Metal men and bloodsucking aliens would be preferable. There are hints of lavender in the sky among the oranges and pinks. Thomas likes lavender.
Thomas’s sweater is coming unraveled.
On this day, Thomas rises from his bed and begins to unravel himself from life, from responsibility, and from the oppressive gaze of the okapi skeleton he purchased on safari in Chad. The first few inches of his sweater pull away easily, and it is only after a moment or two of the cautious approach that, with reckless abandon, Thomas accelerates the disassembling of the final mystery of his life.
The sweater has purples and blues, but no orange. Or maybe there are oranges – Thomas cannot remember. Call it farcical expression of Wernicke-Korsakoff meant to excuse the obliviousness of his existence. There are no blues, though, regardless of what I may have indicated in the past few sentences.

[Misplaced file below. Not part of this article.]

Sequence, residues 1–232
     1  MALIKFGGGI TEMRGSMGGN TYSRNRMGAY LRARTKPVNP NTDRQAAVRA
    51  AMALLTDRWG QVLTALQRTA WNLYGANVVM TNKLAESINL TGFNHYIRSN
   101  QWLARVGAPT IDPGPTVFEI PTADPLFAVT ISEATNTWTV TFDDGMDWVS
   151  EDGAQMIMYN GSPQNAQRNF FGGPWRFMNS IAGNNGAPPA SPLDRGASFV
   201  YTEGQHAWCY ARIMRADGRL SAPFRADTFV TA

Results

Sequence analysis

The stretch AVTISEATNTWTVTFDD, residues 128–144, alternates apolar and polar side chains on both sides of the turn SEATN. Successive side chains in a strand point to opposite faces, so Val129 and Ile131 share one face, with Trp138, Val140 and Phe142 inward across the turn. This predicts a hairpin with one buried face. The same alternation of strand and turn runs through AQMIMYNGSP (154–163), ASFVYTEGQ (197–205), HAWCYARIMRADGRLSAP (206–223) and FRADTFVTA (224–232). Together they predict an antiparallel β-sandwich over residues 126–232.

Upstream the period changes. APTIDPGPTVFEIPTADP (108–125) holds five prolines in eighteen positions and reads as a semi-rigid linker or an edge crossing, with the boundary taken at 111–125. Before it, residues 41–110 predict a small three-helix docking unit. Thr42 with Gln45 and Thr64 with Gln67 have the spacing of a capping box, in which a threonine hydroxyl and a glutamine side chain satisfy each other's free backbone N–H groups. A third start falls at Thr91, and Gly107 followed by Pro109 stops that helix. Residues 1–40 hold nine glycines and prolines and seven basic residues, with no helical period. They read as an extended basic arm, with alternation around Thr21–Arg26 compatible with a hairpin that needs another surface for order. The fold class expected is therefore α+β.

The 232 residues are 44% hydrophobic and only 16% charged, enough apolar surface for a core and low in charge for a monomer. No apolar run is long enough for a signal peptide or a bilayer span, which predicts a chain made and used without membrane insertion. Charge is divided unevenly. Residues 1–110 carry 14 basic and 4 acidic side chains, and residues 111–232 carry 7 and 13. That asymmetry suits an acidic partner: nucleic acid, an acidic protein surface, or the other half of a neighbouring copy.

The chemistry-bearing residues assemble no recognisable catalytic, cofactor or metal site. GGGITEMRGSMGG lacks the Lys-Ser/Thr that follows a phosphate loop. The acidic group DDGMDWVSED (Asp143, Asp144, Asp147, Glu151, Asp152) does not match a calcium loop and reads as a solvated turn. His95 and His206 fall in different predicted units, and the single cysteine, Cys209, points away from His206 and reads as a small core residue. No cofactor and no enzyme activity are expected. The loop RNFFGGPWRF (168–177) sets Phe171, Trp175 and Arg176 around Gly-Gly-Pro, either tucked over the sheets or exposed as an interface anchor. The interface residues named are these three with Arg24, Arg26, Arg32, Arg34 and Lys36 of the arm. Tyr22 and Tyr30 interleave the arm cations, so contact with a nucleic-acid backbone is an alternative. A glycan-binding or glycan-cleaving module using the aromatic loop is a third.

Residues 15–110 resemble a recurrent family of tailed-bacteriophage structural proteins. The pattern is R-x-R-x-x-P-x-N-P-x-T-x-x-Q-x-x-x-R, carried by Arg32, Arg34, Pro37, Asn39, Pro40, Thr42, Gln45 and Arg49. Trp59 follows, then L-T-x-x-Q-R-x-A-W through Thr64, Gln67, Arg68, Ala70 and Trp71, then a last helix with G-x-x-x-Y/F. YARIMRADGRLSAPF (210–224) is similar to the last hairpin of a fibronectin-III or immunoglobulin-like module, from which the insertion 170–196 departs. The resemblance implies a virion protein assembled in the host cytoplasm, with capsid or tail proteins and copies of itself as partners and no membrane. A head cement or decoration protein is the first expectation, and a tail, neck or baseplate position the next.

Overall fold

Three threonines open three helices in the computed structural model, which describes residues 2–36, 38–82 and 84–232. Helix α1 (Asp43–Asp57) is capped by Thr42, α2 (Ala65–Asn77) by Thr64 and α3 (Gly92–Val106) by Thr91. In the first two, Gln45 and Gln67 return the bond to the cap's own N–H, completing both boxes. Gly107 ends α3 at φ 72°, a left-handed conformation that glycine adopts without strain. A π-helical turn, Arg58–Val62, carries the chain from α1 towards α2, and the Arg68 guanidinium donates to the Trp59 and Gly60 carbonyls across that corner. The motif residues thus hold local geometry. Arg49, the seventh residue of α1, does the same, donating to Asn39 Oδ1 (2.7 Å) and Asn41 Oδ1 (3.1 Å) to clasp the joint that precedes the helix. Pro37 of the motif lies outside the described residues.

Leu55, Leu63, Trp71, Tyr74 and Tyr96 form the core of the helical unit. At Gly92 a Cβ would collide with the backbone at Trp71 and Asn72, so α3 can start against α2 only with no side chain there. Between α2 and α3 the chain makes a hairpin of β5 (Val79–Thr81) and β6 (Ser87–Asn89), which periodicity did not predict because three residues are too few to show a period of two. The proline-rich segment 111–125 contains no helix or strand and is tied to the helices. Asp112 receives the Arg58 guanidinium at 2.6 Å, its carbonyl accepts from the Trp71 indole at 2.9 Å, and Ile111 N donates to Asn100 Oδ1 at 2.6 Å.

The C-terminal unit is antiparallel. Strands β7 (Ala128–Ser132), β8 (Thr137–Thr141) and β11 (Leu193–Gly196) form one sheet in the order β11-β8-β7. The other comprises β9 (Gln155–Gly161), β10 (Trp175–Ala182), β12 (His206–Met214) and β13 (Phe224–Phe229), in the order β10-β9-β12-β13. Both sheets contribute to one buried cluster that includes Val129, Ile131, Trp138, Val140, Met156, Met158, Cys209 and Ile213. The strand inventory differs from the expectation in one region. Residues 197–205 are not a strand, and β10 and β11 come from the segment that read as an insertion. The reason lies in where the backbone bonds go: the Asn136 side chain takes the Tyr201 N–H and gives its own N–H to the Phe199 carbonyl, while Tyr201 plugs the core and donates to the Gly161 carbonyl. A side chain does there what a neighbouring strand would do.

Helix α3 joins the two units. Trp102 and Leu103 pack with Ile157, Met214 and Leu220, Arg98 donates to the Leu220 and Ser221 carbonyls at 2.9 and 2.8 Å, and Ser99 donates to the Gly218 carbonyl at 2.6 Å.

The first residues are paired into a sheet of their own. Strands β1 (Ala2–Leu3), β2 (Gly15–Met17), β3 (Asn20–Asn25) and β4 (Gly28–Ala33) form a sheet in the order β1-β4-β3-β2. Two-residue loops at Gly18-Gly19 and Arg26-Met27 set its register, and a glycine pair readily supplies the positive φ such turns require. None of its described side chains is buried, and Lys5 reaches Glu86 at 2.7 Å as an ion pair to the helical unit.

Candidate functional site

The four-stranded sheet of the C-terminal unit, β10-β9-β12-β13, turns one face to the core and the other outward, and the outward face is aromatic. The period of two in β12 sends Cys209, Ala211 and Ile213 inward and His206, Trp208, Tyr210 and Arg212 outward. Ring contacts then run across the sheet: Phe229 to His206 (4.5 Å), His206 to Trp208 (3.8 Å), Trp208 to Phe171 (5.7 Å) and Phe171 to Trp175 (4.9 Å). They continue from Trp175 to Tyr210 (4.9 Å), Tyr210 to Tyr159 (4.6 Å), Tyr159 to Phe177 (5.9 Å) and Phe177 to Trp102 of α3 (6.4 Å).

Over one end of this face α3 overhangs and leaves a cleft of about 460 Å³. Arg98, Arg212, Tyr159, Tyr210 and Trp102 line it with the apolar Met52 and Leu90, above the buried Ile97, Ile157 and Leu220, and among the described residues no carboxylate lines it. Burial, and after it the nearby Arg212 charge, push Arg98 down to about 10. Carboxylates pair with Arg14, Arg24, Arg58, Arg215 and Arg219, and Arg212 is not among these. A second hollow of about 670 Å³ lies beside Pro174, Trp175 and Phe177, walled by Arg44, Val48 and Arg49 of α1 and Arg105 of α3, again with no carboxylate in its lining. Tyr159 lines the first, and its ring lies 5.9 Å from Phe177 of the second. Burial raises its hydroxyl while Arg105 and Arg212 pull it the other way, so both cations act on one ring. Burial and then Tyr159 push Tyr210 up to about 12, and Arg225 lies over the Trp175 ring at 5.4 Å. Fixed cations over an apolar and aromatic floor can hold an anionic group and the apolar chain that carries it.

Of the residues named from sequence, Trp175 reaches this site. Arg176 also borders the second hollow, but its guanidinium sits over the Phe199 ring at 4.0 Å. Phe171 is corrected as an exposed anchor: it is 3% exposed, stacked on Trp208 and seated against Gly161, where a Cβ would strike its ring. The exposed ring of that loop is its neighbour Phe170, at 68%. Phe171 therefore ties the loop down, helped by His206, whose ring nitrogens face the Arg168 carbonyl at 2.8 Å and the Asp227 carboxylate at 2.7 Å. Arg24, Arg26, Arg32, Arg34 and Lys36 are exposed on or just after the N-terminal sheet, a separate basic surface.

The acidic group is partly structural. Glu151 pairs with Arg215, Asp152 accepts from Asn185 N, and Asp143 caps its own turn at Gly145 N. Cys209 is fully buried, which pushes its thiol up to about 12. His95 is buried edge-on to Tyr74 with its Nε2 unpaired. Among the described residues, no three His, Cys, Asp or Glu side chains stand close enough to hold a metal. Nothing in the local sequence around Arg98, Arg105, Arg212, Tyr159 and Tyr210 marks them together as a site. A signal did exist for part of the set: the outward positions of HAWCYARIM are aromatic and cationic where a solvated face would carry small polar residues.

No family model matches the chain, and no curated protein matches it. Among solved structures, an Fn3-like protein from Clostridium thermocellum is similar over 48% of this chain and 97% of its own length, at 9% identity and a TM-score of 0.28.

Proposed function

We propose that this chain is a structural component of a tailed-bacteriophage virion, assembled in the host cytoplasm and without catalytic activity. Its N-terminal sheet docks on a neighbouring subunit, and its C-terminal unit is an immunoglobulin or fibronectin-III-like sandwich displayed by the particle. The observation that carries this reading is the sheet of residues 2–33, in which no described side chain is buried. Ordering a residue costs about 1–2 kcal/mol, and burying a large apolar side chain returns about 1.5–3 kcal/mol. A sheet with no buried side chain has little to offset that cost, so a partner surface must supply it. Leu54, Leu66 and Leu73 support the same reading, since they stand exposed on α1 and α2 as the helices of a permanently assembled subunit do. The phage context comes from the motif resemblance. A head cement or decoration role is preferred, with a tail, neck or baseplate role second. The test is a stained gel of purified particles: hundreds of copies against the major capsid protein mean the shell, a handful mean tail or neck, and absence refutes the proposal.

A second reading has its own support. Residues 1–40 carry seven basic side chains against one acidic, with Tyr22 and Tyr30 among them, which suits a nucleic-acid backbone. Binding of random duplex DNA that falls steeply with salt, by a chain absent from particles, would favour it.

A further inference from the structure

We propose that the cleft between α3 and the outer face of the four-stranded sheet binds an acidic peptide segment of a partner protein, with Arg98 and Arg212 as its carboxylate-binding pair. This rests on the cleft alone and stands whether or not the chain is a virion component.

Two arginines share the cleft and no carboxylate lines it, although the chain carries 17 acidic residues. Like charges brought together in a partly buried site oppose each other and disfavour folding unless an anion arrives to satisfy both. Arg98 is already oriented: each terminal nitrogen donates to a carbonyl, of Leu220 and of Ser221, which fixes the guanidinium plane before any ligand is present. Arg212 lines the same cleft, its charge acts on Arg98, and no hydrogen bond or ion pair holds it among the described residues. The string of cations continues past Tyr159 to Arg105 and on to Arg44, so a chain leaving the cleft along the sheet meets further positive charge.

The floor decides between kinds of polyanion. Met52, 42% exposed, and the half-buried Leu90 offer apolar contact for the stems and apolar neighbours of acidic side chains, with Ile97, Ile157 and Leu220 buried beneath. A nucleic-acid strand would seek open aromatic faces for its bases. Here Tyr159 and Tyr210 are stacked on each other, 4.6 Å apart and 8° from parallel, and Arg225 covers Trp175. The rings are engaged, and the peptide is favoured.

Thomas wraps the remains of his sweater around his left hand and soon feels the bite of the cold January wind. Unlike the traditional sweater, the one he wears has been knit in a bizarre pattern. As he nears the end of the line, he notices, to his horror, that it terminates in a Kocher’s incision just below the right side of his ribcage.
Curious, Thomas pulls the string and the incision opens up, leaking a milky substance into his lap. With the incision open, the string comes easier and, undaunted, Thomas continues to unravel himself.
When he expects to see organs tied to the string in carrick bends, and lighterman and buntline hitches, he sees instead a series of small knots devoid of purpose. They cause him to hiccup each time a knot slips through the incision.
Suddenly, without any warning at all, Thomas’s own scruffy head breaches the incision, tearing it further, the string tied in a loop around his neck.
Shocked by his own actions, Thomas continues to pull at the string, removing his own full body from the incision, and notices that the other Thomas is knitting a sweater from string extending from a Kocher’s incision of his own.
Perhaps there was lavender, after all. And orange.